Most work, some are parts machines (only five, so far).  Too many need attention and servicing.     I have forgotten when I got many of the machines.   I estimated dates and, since I rarely pay a lot for a machine I also estimate cost.  The real bargains I remember as well as the over priced silly purchases.  The factual  information may be retrievable.  I took pictures so I may be able to figure out dates.  Only one is a mystery machine.  It is a Singer 27 vibrating shuttle.  It is possible that it is the machine that belongs in the treadle cabinet that went back to Betsy.

Will I stop at 100?  Nope, not a chance. 

Saturday, February 23, 2013

Snow Country

The forecast for today was 70% Wintry Mix with little to no ice or snow accumulation. 

"Perfect. We can head up to Utica to fetch that 319W.  Do you think we should take the Tacoma or my car?"

"I don't think it matters."

"OK  Let's take the Jetta.  It's got studded snows.  We won't need the 4WD." 

 We were running late, as usual.  Since the appointment was for 0930 I pulled over, just off of Route 12 to phone the seller to let him know we were on our way. 

"Ten minutes out," I claimed.

Two minutes later, we crossed into Snow Country

The road wasn't really slippery.  The change, though was dramatic.  Steven claims it wasn't from Lake Effect; something about the temperature being wrong.  But all of a sudden we went from no snow on the ground to this.  Needless to say, my ETA was off.

One really should check the cleated belt on these old 319s.  I did check the bobbin case and it looked fine.  Not chewed up at all.  It was not IN the machine. It had fallen out onto the board in the bottom of the cabinet.  We loaded her up and headed over to Harbor Freight and out of snow country. 

5127 Commercial Drive, Yorkville. 

"I have never heard of Yorkville," the world traveler said. 

"Neither have I, but Harbor Freight is there."

"They have a retail store?"


We found Commercial Drive but no Harbor Freight.  Thank You, Garmin for getting us lost.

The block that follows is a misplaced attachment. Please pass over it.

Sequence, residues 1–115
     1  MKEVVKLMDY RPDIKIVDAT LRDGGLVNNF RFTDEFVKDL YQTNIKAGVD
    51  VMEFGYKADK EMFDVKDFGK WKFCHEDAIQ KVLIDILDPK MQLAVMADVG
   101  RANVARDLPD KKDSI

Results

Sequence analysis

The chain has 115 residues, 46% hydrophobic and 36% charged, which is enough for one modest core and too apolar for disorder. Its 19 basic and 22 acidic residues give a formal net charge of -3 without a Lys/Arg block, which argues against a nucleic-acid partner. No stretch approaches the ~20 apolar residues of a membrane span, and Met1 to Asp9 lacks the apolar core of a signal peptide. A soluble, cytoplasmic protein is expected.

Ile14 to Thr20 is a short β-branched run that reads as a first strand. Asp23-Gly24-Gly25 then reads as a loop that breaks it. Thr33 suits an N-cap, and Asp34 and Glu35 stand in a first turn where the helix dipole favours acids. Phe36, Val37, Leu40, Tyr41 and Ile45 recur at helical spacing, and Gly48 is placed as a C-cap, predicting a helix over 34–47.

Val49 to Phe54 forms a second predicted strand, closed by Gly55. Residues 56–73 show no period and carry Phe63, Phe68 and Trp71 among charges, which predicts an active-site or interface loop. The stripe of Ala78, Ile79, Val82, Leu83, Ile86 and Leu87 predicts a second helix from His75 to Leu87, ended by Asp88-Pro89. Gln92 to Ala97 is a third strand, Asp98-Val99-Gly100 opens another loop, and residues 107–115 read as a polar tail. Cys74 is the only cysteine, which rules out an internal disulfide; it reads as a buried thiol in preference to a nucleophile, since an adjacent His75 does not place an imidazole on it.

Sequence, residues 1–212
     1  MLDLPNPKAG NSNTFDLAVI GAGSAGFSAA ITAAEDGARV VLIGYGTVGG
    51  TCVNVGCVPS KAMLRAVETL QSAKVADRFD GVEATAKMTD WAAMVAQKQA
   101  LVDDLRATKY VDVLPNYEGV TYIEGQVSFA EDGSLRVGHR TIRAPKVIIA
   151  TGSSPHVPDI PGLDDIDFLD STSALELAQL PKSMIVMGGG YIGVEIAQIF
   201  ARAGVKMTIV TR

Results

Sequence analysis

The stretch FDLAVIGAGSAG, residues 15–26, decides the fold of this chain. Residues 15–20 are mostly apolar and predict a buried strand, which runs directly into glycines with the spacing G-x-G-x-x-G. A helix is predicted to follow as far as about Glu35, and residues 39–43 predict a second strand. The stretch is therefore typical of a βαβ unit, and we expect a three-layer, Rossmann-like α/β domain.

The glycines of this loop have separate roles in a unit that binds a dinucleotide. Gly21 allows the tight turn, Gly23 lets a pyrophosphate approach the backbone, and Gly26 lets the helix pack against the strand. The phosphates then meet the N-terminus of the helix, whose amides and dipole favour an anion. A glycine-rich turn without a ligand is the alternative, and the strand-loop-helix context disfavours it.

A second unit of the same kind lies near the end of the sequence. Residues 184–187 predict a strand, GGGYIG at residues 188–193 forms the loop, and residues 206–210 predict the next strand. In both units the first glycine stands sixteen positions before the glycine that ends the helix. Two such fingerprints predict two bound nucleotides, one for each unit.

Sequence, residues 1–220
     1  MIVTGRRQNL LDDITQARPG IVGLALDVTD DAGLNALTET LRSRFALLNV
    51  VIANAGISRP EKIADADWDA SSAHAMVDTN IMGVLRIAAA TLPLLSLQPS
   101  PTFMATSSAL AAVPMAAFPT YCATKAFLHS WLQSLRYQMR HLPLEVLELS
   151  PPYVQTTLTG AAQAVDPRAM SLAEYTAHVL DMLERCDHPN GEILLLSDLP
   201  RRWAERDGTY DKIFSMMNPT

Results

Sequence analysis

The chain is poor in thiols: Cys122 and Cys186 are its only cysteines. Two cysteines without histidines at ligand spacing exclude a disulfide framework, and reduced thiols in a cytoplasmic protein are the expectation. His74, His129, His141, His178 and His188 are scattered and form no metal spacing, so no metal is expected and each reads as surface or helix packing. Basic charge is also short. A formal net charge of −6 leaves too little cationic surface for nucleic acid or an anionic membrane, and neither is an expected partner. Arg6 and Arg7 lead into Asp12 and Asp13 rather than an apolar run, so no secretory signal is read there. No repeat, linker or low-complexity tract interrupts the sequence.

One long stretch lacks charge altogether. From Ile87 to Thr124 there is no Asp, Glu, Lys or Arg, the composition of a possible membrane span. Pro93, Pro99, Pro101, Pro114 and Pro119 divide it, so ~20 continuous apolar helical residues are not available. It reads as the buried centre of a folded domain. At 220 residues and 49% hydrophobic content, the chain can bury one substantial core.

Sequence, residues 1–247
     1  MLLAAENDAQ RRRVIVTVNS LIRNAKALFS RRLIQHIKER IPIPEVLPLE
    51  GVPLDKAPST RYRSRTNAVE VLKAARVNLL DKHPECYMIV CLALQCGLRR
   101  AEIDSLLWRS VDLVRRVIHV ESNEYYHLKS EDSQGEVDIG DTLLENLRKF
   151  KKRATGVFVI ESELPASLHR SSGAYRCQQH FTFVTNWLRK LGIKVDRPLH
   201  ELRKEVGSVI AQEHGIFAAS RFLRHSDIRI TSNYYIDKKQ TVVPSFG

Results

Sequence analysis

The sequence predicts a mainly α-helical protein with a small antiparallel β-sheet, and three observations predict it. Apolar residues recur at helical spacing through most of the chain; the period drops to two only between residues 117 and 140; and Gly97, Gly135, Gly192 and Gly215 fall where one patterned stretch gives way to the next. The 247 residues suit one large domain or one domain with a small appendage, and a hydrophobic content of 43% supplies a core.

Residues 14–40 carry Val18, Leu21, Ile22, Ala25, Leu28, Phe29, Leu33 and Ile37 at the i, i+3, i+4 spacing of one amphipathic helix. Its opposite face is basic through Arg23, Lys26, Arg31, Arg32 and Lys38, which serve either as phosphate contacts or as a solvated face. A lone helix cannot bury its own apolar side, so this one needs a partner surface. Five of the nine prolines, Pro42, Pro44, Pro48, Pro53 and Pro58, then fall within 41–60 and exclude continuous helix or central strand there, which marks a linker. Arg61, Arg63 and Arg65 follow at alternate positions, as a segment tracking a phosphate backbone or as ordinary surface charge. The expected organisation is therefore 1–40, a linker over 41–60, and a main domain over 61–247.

"There it is!" exclaimed Steven as I turned the car around in the Hubbel's parking lot. "But how do we get there?"

It was on the other side of Route 5, a major 4 lane highway with, we thought, limited access. 

After chasing down all the side roads around  Route 5 in  search  of   HF, we finally just drove down Route 5 and there was a turn off, right into the Parking lot. 

 I had heard that HF had cheap rotary blades that lasted longer than the ones sold to replace the ones for the rotary cutter I own.  The blades were as elusive as the store was.  Finally I found them. 
1.99 for two. We shall see if  1) they fit and 2) they are better.

Just the same I had a blast wandering around the store.  Steven found a tool box and did not even complain that I took a long time just feeding my tool fetish.

By the time we headed home it was raining.  Not enough to rinse the Jetta of its coating of sand and salt.  Darn.

I cleaned the machine up a bit.  Tomorrow I will light a fire in the shop and service its innards.  The cleated belt looks fine.  It turns over smoothly.  It is dusty and needs a good cleaning.  I love my compressor.  Just the tool for the inside of this machine.


Tuesday, February 19, 2013


Want to guess what sewing machine is in there?

Here is a little hint...

Yes it is a Singer 301A. It is getting ready for shipping. I find that plastic wrap is a wonderful tool.  I like to position the movable parts in the lowest position.  That means the take up lever needs to get tucked in the machine in its lowest position, as if the needle were all the way down.  BUT if you do that and DON'T secure the hand wheel, up comes the take up lever and is at risk for breaking during shipping.  So I tucked the TUL into its "nest" and then wrapped plastic wrap around the needle bar area and then wrapped the whole machine with the plastic wrap securing the hand wheel.  Then I stuffed some bubble wrap on top of the tension assembly and wrapped more "Cling" TM plastic wrap around the whole kitnkaboodle. 

The cocoon is now nestled into its inner box which is nestled into its outer box waiting for re-birth at its new home. 

I am very fussy with packaging my machines for shipping.  It is a tedious task but so important.  I want to make sure nothing happens to the machine en route.  It's all about preserving history, for me.

Monday, February 18, 2013

Lousy iPhone Photo

I admit it.  I was in a hurry.  Mom and I had gone out to run some errands on Saturday.  It was cold and there was snow in the air.  We were both hungry.  I wanted to get Mom back before she got too tired.  I snapped these photos with my phone quickly before I put her car back in the garage.  The 201K is still there, in the trunk. When I return in two weeks I will fetch it and bring it home.  I would love to tinker with it while I am there but I think I will be quite busy.  Just the same, maybe I will take along a tool kit.

I was fairly certain that I was chasing down a 201K.  Just the same, I had a dream Thursday night that it was really a 66 and I had to buy it anyway because I told the seller to save it for me. 

And look ! It is a Centennial!
The machine is not great cosmetically.  I don't really care.  I have my 201K and now all that's left on the wish list is a Bernina.  I am sure I can get one, for a price.  But what fun would that be?

Friday, February 15, 2013

I Should and I Did

This morning Max and I fetched the 201-3.  I was able to buy the machine only.  Oh and the knee controller for a friend.  I saved some money on the deal because I did not buy the stand.